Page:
The Letter q

When the Talossan letter q is followed by a diphthong beginning with the letter u, then it behaves exactly as it does in English, and qu sounds just as it does in the English words “queen” and “quilt”. For example, siquala (= chicken hawk), muqua (= badger), and bísquinc (= ten).

However, when it is not followed by the letter u, the Talossan letter q is pronounced in an unexpected way; unexpected not only for English speakers, but also for speakers of other Romance languages (in which the letter q usually behaves like the English k). In such cases, q is pronounced as the beginning of the English words “cue” and “cute”. That is, it is pronounced as an English “k” followed by an English “y” (as in “you”). [The only exception to this rule is the irregularly pronounced word qator (= four), and words ending with q, as in Iraq; in these cases the q is pronounced as an English “k”.]

An English speaker often finds it difficult to remember this unique pronunciation, and to “Q your Q’s” is the mark of a practiced Talossan speaker. Since this letter is prominent in many important Talossan words, such as qe (= that) and qi (= who, which) and qet (= what), the student would be well-served by practicing saying these words out loud using the sound of the Talossan q so that when they are encountered, they will be pronounced correctly. For example, músiqeu (= music) can almost be thought of as rhyming with “Susie-Q”.

The Letter r

The letter r is pronounced just as in other Romance languages (which means that it is pronounced essentially as in English, except shorter, perhaps just as a tap of the tongue against the palate). If that is unclear, pronouncing it as in English is acceptable.

The Letters s and ß

The letter s is always pronounced as in English, except when it appears in the combination osa, where it takes the English “z” sound, as it does in English words like “rose”.

Notice, however, that this change of pronunciation does not apply to the word Talossan. This is due to the fact that the s is a doubled consonant (which indicates that the default pronunciation of a consonant is forced onto it despite its surroundings).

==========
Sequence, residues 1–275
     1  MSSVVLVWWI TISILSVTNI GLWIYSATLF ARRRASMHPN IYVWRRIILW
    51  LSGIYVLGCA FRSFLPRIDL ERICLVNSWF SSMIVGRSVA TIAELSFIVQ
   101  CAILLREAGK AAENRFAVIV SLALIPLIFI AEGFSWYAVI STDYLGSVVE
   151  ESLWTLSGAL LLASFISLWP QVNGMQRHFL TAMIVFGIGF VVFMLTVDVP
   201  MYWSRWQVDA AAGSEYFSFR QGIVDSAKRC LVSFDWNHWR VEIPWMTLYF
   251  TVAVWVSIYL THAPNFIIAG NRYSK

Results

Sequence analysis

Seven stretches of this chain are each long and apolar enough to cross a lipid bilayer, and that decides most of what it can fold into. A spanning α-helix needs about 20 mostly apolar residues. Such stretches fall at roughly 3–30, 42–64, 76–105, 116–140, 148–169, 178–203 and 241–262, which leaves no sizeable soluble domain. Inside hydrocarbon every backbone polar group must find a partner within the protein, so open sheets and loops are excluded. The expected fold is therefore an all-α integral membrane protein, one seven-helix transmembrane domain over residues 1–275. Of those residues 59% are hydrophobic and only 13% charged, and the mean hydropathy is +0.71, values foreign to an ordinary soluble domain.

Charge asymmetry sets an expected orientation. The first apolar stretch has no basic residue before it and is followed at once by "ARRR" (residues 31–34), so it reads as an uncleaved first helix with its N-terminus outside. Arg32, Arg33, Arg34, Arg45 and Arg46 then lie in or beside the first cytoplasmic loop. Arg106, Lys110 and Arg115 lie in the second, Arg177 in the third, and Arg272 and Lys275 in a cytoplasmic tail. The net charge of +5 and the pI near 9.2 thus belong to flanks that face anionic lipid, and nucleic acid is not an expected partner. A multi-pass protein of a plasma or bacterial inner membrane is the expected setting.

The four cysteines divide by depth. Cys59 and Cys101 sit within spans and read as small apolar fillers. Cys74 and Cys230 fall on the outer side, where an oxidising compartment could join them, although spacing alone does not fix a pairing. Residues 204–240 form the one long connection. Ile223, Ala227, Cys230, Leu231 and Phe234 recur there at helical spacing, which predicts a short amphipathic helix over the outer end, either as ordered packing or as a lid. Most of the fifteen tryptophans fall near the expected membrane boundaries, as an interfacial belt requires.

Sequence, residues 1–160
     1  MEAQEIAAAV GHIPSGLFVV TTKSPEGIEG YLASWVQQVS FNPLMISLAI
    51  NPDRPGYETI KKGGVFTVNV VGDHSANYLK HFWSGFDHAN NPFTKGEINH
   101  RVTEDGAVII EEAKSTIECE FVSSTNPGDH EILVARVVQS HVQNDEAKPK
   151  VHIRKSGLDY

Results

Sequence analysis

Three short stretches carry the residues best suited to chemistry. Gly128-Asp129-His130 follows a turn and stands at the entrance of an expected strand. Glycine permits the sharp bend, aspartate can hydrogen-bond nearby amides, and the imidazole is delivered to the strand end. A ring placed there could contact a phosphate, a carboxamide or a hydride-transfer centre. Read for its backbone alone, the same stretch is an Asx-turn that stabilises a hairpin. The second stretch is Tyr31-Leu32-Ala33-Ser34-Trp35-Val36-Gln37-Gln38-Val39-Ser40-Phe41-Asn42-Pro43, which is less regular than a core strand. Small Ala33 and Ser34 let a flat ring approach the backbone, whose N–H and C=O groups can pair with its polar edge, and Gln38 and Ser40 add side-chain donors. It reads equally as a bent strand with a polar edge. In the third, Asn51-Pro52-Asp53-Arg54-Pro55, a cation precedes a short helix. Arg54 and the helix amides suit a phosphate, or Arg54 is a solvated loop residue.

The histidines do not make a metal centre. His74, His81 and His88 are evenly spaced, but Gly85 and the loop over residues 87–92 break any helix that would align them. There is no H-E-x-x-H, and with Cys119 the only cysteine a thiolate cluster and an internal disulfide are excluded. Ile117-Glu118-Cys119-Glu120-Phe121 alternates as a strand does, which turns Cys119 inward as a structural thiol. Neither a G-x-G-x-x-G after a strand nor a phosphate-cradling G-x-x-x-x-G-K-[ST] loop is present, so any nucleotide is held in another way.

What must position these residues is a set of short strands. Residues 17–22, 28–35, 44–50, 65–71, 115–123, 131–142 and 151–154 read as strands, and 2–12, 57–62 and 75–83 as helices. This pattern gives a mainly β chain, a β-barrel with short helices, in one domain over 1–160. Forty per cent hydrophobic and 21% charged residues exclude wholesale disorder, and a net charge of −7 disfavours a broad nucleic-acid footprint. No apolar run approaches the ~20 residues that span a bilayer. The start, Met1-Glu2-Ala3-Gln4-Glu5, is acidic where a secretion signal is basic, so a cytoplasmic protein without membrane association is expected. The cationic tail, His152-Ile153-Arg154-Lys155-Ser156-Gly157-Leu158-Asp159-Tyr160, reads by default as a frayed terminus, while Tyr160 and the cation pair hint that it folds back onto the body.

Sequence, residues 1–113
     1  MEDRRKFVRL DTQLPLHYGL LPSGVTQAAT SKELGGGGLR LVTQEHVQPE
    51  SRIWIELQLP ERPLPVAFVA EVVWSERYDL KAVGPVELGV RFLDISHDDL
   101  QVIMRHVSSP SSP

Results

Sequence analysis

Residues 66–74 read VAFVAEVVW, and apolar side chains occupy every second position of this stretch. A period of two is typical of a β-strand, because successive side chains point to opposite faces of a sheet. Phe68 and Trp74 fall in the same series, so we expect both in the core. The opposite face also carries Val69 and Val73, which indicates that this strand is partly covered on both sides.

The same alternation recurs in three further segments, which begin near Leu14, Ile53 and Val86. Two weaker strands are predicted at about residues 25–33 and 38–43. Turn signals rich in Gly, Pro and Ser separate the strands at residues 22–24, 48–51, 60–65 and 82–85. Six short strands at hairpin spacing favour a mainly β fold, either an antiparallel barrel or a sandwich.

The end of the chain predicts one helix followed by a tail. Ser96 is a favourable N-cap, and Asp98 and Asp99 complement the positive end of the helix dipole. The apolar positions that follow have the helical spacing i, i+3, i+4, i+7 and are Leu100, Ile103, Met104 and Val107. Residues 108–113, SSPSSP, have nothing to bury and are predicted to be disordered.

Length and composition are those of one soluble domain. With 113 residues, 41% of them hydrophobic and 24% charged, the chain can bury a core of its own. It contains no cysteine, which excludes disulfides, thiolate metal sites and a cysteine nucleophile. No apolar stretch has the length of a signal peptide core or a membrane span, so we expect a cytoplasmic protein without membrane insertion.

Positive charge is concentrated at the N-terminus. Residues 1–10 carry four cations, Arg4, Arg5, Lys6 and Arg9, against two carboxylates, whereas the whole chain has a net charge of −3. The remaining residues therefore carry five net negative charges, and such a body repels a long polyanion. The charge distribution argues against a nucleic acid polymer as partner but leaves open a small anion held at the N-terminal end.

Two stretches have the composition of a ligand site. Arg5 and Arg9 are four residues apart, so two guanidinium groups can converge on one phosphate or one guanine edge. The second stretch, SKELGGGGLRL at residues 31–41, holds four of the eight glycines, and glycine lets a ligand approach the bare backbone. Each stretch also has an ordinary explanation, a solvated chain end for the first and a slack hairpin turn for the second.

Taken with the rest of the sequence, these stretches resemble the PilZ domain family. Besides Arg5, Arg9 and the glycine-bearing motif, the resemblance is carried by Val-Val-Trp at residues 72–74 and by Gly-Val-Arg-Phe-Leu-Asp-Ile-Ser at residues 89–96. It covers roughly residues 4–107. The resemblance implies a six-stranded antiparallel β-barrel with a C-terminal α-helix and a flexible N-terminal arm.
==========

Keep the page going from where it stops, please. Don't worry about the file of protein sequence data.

In Talossan, the letter combination ss can be written as ß (this letter is called an eseta in Talossan). For this reason, ß is always pronounced as a full English letter “s” as in “sing” or “say”. Although ss and ß are 100% equivalent, writers of Talossan tend to use ss only in informal works, when it is not convenient to type an eseta. In anything other than casual written text, the letter ß is almost universally used in preference to ss. However, in the word Talossa and all words built from it, ß is never used; ss is always seen. The combination ss is also preferred in the common words qissen (= whose), qissensevol (= whosoever), and fossent (= we must, they must).

Note that no Talossan words begin with ß (or ss).

The Letter x

The letter x is pronounced as in English, except in the word endings -eux and -éux (which are the ways that Talossan words ending in -eu and -éu are pluralised), in which cases the letter x is pronounced like the English “sh” as in “ship” and “she” and “ash”. For example, in computex (= computer) and lüxüs (= luxury), the letter x is pronounced as in English “ax”, but in documenteux (= documents), it is pronounced as English “sh”.

The Letter þ

In Talossan, the letter þ (which is called a “thorn”) is the final letter of the alphabet, coming after z. This letter can be written as tg for convenience. In other words, the words glheþ and glhetg are one and the same, in just the same way that paßerat (= sparrow hawk) is equivalent to passerat.

The letter þ is pronounced like the hard “th” sound as in English “thick” and “thin”. For example, cervieþa (= beer), Liþognh (= Lithuania), and þistoria (= history).